by Nigel Preece
Based on "THUNDERBIRDS" created by Gerry Anderson
THUNDERBIRDS is (c)2000 Carlton International Media Ltd.
1. Here and Now
The old man sat in the small lounge, staring out through the bay window. It was quiet now. This house he lived in, and served in as major-domo was a large one. He had nine people to wait on, one of which was his own daughter. Most of the other folk were away from the house for now, and those that were still here were in the ajoining room. He could just about hear the faint hum of conversation that came from that room's direction.
He was enjoying a brief moment to himself. Such moments were all to frequent as those who were in his care were at most times either away on business for the family firm, or away enjoying leave from their duties for the firm. This was one such occasion, the reason so many were away was business, and very important business at that. His daughter was among those who had been called away, and judging from the tone of conversation coming from the room next door, it was his daughters presence on this job that was becoming a cause for concern from the head of the firm.
He knew she was more than able to cope with whatever task was set before her. He knew as well that she, like him was endebted to the head of the firm for an act that took place some 21 years earlier. In fact he just happened to glance over to a clock on the wall by him and he noticed that the date on the clock read, Saturday November 14:2026.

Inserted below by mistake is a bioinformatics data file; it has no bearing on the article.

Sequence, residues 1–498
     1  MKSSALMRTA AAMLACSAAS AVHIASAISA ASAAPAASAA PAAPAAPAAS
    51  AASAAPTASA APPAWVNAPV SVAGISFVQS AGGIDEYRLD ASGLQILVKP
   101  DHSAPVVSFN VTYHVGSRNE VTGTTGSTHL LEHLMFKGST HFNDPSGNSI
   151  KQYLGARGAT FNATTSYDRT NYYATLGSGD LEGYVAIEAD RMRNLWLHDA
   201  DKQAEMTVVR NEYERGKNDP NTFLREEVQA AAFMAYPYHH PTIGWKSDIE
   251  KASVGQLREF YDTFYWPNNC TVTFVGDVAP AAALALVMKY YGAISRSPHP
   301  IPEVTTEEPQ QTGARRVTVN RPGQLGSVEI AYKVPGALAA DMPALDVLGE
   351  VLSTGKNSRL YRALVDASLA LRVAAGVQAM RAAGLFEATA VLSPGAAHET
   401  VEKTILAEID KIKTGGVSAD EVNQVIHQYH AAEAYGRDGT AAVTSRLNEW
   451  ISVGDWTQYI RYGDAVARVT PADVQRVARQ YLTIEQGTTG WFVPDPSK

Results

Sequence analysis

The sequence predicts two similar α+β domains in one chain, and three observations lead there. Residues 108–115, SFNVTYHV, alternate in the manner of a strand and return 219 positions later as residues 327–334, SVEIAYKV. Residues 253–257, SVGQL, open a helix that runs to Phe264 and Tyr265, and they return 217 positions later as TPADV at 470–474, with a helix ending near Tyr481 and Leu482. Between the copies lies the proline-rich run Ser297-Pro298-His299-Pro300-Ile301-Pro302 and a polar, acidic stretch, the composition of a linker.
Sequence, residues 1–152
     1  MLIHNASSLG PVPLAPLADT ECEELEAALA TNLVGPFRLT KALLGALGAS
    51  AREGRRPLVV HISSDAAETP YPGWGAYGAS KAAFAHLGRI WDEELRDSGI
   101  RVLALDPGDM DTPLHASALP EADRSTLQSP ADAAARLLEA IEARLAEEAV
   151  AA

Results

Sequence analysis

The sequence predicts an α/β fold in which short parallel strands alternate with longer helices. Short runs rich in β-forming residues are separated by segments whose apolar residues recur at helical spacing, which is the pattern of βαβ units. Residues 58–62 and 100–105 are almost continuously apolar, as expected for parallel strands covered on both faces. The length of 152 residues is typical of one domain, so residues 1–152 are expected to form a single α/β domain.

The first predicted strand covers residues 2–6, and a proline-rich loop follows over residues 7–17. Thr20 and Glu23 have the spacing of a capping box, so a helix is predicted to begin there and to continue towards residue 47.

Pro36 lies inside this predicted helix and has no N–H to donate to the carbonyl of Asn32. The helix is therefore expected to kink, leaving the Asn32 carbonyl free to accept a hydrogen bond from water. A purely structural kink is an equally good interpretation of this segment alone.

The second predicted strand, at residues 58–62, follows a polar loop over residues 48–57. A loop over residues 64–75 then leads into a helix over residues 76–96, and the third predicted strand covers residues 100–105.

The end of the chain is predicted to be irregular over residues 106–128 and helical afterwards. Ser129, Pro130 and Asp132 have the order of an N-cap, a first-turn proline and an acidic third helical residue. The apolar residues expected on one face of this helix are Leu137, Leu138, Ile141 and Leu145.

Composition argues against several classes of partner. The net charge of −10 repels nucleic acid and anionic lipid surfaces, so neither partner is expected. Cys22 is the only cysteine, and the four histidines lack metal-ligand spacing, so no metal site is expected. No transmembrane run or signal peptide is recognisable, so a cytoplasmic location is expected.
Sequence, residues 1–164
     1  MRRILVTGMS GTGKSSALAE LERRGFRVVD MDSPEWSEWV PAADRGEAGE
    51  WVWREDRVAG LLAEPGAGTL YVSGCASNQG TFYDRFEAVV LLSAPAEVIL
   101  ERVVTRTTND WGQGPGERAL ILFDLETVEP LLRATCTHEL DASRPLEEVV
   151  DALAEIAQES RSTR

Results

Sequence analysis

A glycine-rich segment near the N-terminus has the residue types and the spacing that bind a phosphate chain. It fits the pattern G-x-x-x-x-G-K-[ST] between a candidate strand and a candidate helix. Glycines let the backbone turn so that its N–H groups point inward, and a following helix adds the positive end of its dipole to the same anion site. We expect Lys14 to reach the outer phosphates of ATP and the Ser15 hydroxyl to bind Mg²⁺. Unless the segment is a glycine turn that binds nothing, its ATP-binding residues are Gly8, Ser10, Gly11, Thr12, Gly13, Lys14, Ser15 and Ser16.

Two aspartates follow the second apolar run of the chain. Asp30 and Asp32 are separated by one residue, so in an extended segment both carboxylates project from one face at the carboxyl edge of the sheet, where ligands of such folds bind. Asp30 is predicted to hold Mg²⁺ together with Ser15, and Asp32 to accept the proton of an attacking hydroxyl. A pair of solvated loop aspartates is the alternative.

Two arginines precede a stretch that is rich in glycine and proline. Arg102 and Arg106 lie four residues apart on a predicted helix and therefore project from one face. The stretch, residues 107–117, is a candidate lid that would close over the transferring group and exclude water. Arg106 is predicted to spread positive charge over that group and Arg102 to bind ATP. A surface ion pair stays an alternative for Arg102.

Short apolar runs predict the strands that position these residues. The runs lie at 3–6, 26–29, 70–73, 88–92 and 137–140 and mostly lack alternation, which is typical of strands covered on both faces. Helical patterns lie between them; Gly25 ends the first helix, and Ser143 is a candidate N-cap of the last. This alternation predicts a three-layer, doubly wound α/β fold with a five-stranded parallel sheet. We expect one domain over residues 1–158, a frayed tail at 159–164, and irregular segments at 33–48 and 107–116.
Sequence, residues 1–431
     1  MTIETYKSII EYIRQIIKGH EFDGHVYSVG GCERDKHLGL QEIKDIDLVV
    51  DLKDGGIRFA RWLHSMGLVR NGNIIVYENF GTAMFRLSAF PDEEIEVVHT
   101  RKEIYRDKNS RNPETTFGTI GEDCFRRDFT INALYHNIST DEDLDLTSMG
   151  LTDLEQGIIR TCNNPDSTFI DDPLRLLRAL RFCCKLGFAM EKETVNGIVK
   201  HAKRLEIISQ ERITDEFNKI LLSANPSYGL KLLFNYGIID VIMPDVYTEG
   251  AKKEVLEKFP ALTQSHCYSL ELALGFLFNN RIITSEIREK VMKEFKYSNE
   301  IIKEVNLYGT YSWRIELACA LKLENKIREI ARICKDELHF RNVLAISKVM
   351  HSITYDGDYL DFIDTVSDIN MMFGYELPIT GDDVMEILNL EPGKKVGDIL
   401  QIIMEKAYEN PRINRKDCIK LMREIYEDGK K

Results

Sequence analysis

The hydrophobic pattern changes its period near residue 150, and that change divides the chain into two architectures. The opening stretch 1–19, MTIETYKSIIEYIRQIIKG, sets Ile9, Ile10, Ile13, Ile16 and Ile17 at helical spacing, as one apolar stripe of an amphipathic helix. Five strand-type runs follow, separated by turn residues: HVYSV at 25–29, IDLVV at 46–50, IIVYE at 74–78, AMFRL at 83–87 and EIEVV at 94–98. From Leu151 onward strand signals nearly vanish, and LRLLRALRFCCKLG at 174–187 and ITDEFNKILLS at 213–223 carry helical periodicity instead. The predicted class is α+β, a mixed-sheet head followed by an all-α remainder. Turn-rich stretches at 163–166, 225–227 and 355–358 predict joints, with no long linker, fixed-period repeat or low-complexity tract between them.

21 years to the very day.
His mind began to race back all those 21 years.
It suddenly seemed like 21 minutes. He stared out accros the cove infront of the house. On the left side of the cove was a small cliff hung over the spot where the beach ended and ran into the sea. On the right side of the cove there stood a jetty, it pointed in the direction of the place the events of 21 years earlier had happened.
The sea was smooth and calm, in complete contrast to how it was on that fatefull day.
2. Back There
The young man sat in the small cabin and looked out of the porthole at the raging torrent that heaved and tossed to the vicious force of the huricane that had enveloped it. The cabin he was in was as bare as could be, a bunk bed, a chair, and a small cupboard.
A room for one, yet inhabited by two.